Every so often a film comes along that reassures your faith in cinema. If doesn’t have to be a huge blockbuster or even the most acclaimed art house film, it can be a little film that entertains and captures your attention without letting go. Koldo Serra’s film The Backwoods is one such film.
A Spanish and English co-production, The Backwoods opens to the strains of Leonard Cohen’s The War, as we follow two vehicles manoeuvring through the Spanish countryside. The occupants of the vehicles are two couples, on a holiday and hunting excursion. On their arrival at a bar, they attract the attention of the Spanish locals, who are unhappy that foreigners are invading their territory. The travellers continue to their rundown house, and the next morning the two men go hunting. Whilst walking in the woods, they discover a young girl – with deformed hands chained in a shack – they take her with them and set in motion a series of tragic events.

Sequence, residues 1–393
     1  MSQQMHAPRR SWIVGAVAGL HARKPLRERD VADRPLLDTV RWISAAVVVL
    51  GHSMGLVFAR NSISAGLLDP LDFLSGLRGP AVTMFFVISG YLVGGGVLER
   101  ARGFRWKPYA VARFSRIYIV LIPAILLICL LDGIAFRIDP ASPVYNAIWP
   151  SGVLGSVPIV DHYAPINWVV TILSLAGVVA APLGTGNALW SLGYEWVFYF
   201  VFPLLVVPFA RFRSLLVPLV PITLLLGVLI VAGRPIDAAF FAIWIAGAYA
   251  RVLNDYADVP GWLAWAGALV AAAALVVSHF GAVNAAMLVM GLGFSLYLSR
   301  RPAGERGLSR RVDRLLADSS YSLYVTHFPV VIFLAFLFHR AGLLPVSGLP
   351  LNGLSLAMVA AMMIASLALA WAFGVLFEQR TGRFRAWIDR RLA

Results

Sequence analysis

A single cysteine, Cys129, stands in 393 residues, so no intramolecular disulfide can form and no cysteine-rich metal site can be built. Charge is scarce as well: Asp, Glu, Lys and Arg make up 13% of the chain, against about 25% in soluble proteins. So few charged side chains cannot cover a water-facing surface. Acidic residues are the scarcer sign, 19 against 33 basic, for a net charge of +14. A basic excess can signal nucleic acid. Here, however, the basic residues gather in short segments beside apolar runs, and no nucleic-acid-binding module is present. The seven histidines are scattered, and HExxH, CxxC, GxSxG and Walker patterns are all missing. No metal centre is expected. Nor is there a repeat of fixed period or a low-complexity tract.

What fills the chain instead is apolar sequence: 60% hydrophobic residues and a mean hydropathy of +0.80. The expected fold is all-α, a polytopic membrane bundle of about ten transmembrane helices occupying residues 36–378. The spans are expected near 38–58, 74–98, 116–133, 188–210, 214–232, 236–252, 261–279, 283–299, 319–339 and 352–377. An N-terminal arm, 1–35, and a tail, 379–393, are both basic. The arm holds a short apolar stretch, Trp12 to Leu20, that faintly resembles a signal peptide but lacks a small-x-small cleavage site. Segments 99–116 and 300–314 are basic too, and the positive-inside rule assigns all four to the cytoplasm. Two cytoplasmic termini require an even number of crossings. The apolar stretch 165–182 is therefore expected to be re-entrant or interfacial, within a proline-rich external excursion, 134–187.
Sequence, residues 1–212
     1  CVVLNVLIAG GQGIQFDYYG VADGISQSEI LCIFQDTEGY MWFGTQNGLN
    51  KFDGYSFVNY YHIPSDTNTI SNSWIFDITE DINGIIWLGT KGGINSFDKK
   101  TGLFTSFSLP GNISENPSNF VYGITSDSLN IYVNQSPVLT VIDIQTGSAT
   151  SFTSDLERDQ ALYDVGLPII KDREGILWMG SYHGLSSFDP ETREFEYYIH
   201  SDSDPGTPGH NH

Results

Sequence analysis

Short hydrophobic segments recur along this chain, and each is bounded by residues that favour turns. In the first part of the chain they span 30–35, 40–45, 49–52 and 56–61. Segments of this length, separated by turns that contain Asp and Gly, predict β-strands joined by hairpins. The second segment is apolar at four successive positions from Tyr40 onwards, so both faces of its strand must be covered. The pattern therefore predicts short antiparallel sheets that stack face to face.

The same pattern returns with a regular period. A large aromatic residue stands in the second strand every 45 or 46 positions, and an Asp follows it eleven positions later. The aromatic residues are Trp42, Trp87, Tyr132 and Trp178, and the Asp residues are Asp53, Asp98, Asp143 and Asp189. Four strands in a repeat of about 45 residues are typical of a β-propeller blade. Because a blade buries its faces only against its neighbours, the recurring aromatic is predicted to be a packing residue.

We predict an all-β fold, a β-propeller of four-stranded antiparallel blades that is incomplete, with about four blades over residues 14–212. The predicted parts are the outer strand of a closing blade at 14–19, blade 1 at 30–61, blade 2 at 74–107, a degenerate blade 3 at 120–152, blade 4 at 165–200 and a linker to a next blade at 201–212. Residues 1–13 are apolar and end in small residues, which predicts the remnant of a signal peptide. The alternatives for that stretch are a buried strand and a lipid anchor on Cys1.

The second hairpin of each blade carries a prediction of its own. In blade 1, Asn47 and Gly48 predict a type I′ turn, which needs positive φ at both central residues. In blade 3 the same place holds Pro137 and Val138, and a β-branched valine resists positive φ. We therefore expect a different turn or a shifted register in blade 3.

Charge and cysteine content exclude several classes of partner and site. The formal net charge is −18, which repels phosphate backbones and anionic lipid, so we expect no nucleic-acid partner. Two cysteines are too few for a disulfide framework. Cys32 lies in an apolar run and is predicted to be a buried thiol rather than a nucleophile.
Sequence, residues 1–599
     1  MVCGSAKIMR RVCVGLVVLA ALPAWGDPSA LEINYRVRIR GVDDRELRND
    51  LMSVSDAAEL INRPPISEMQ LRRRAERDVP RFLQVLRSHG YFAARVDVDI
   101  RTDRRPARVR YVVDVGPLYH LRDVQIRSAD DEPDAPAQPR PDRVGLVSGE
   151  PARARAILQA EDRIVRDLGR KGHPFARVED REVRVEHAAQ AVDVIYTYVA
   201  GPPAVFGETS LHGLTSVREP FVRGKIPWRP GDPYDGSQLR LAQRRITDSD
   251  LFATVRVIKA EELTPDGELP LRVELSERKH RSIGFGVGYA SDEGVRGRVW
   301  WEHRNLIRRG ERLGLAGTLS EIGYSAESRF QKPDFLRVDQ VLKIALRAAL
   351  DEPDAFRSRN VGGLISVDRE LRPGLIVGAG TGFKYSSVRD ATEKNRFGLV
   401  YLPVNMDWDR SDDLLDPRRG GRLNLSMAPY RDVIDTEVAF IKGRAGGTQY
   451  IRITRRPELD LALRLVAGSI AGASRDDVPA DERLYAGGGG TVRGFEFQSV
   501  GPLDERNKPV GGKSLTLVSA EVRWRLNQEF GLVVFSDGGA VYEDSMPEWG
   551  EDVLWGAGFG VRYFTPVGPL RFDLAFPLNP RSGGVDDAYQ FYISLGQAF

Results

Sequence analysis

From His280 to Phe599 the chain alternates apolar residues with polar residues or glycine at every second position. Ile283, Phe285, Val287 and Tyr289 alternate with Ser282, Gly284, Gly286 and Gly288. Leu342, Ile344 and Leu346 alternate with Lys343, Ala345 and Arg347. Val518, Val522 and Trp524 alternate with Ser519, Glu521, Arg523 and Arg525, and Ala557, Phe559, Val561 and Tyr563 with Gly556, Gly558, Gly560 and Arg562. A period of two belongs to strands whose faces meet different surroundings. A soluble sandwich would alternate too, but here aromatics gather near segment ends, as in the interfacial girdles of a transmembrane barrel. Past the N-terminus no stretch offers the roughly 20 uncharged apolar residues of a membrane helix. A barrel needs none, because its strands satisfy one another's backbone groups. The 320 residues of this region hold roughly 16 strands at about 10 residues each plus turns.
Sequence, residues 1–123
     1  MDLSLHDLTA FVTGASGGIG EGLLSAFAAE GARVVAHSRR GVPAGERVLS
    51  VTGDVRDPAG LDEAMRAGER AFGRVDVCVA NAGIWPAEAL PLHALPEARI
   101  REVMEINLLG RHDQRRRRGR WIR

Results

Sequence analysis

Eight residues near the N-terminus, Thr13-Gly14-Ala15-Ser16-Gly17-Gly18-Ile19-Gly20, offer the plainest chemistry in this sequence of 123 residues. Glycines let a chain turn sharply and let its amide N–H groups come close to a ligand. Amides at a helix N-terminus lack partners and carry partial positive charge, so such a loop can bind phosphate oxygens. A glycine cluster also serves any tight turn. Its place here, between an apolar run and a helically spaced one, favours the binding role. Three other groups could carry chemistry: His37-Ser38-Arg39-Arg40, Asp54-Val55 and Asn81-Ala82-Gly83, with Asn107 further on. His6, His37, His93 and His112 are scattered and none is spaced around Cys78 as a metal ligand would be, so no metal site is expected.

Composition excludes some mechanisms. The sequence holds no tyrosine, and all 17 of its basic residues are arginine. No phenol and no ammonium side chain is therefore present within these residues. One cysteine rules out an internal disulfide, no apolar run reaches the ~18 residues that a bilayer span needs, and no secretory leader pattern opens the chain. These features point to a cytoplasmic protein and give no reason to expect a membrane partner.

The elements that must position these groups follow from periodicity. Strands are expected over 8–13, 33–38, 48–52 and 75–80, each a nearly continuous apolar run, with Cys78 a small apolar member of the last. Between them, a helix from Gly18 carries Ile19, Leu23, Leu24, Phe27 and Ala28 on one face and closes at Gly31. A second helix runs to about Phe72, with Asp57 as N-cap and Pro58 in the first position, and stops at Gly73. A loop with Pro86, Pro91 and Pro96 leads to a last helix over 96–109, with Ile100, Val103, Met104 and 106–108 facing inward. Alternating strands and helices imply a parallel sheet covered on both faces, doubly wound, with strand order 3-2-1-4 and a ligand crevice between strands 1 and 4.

The Backwoods is a 1970’s set thriller – in the tradition of Straw Dogs, Deliverance and Southern Comfort – where city men who are out of their natural environment are forced to unleash their primal instincts following a brutal attack. Gary Oldman and Paddy Considine (as Paul and Norm) deliver first rate performances, but it is Oldman who is the standout here as the alpha male leading the way. It’s a shame that these days he spends too much time in supporting roles – in large scale films – somebody give him a good meaty lead! Meanwhile Considine plays the wimpier man who changes over the course of the film, it’s a good low key role, but nobody can compete with Oldman when he is at his best.
The Backwoods contains some wonderful tension, great Spanish locations and a good score to make you remember that a good film doesn’t have to be number one at the box office or on a critic’s top ten list!
I really can’t say enough good things about this film, the performances are first rate, the locations are both eerie and beautiful at once and the film is loaded with tension and thrills.